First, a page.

The following configuration guide covers general prerequisites, requirements, and step-by-step instructions to set up an event with Dolby Vision enabled. It also demonstrates how to verify that Dolby Vision stream conditioning is taking place through the messages.
- AWS Elemental Live version 2.21.1 GA or later
- HEVC license
- Dolby Vision license
System hardware requirements:
- 1080p outputs: Any L800 series appliance
- 4K HEVC outputs: L840s, L880, or L730 systems
- Minimum input: 1080p
- HDR input
- Dolby Vision is supported in all inputs type.
- Codec: Must be HEVC
- Profile: Only supports Main10/Main and Main10/High profiles.
- Enable the color corrector pre-processor
- Video range:
- Select Passthrough if the input source uses already full range of bits.
- If the input video is not full range, select Full Swingto effectively convert up to Full Range. IMPORTANT: If input is already in full range, do not select Full Swing to avoid unnecessary up-conversion.
- Color space conversion: Select Profile 5 or Profile 8.1 option, as applicable. Profile 5 is a single layer with Dolby Vision-only support and profile 8.1 is a single layer with HDR10 + Dolby Vision compatibility.
Step 1: Create the event
- In the AWS Elemental Live web GUI, select New Event.
- For your input, specify an event nameand select the type of The AWS Elemental Live software supports the ingest of HDR content in resolutions from 1080p(FHD) up to 4K(UHD). For this example, HDR content is carried by HD-SDI or Quadrant 4k.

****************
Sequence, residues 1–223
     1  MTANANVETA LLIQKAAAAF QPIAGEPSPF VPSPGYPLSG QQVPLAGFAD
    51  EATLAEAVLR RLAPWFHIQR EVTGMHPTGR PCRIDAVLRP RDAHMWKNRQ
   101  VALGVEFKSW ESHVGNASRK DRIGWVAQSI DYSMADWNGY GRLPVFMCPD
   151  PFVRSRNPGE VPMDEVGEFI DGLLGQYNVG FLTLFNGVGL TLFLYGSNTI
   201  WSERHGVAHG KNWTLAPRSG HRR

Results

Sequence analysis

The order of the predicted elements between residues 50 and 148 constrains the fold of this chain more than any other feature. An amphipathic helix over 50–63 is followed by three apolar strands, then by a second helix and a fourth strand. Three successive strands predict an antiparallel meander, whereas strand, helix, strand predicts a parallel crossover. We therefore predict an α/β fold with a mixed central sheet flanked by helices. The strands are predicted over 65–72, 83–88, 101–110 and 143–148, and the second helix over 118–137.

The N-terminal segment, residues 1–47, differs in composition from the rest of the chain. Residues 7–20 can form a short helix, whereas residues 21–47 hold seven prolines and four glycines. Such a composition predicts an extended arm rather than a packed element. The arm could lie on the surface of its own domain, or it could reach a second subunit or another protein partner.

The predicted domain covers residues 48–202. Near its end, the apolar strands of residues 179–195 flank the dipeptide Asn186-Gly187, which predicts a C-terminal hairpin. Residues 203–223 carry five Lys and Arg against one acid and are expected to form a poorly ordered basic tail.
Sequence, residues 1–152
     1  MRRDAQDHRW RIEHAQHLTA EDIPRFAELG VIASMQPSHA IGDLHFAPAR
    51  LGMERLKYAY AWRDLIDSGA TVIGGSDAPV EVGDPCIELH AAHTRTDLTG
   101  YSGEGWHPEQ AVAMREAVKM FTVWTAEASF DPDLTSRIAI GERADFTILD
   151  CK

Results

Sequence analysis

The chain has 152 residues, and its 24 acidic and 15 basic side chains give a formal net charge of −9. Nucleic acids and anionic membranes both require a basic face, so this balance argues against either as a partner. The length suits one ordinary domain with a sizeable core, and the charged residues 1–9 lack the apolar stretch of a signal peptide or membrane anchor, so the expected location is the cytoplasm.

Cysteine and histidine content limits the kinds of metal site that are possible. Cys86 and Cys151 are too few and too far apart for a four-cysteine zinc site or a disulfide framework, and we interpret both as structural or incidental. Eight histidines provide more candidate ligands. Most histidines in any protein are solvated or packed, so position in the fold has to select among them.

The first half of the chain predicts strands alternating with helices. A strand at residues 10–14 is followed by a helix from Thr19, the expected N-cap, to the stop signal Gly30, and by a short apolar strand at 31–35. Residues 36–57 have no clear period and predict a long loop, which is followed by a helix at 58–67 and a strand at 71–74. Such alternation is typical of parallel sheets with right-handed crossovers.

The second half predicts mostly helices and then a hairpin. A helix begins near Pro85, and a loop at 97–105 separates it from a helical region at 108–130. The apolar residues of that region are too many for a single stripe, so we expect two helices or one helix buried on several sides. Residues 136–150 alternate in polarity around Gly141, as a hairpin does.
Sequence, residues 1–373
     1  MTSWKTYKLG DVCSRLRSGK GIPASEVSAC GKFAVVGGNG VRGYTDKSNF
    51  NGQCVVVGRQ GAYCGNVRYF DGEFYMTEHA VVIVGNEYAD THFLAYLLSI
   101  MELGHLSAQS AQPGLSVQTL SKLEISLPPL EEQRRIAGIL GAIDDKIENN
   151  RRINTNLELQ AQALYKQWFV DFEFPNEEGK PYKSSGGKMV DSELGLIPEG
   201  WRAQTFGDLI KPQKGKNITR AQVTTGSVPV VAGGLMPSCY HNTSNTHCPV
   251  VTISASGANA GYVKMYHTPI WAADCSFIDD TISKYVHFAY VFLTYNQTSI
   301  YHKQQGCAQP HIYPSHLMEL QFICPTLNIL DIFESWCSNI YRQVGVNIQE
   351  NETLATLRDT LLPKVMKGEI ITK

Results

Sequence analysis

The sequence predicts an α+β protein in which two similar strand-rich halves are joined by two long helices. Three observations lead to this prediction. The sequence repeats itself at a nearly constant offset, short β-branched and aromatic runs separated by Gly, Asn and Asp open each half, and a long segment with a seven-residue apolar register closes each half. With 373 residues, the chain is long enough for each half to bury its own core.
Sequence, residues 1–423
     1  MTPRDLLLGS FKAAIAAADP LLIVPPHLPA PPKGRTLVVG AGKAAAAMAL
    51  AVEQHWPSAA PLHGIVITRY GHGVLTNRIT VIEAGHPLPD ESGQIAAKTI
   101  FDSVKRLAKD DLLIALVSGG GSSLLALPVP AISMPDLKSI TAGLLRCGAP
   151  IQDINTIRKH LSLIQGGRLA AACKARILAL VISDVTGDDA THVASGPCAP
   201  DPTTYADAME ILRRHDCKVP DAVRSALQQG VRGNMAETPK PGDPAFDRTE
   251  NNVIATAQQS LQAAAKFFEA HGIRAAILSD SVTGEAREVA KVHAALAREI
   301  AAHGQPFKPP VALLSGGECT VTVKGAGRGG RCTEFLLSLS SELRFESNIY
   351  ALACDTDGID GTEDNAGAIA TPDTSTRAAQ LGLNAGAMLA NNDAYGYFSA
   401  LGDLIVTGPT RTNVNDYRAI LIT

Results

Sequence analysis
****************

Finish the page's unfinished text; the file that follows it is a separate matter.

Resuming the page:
- Select Advanced, go to Video Selectorand under Color Space select Follow. If your source is HDR, the encoder is able to insert RPUs to generate a Dolby Vision compatible output.
- In the output side, configure your video elementary stream for Dolby Vision.
- Codec: Must be HEVC(H265)
- Insert Color Metadata: Enable
- Profile: Elemental only supports Main10/Main and Main10/High profiles
- Under Advance > Preprocessors enable Color Corrector.
- Video Range:
- In this example the Input is already full range, for this case select Passthrough
- If the input is video range, select Full Swingto effectively convert up to full range. IMPORTANT: If input is already in full range, do not select Full Swing to avoid up-conversion again
- Color Space Conversion: Select Profile 5 or Profile 8.1
Checking for Dolby Vision processing
In the Elemental encoder, once the channel has started, go into the event dashboard and scroll-down to the “Output Group Control”. There you can check in the Statistics section for the Dolby Vision profile that is running. In the following example, the output video has been processed with Dolby Vision profile 5. If Dolby Vision processing is not running the statistics prompt N/A.
Playing back your content in a Dolby Vision capable device
Dolby Vision is supported in the latest media devices like TVs, setup-boxes, phones, and PCs. The following example was encoded by the AWS Elemental Live encoder and shows a comparison of Dolby Vision vs SDR content played by an iPhone 12.
Dolby Vision is a compelling HDR technology. Using the preceding steps to configure your AWS Elemental Live encoder you are on your way to building a truly beautiful, high quality workflow. Setting up your AWS Elemental Live encoder takes only a few simple steps: satisfy the prerequisite requirements on the encoder, create your event, and validate Dolby Vision encode is taking place through a quick log check. We encourage you to explore the incredibly rich, vibrant video streams you can create using the method above. To learn more visit: https://aws.amazon.com/elemental-live/.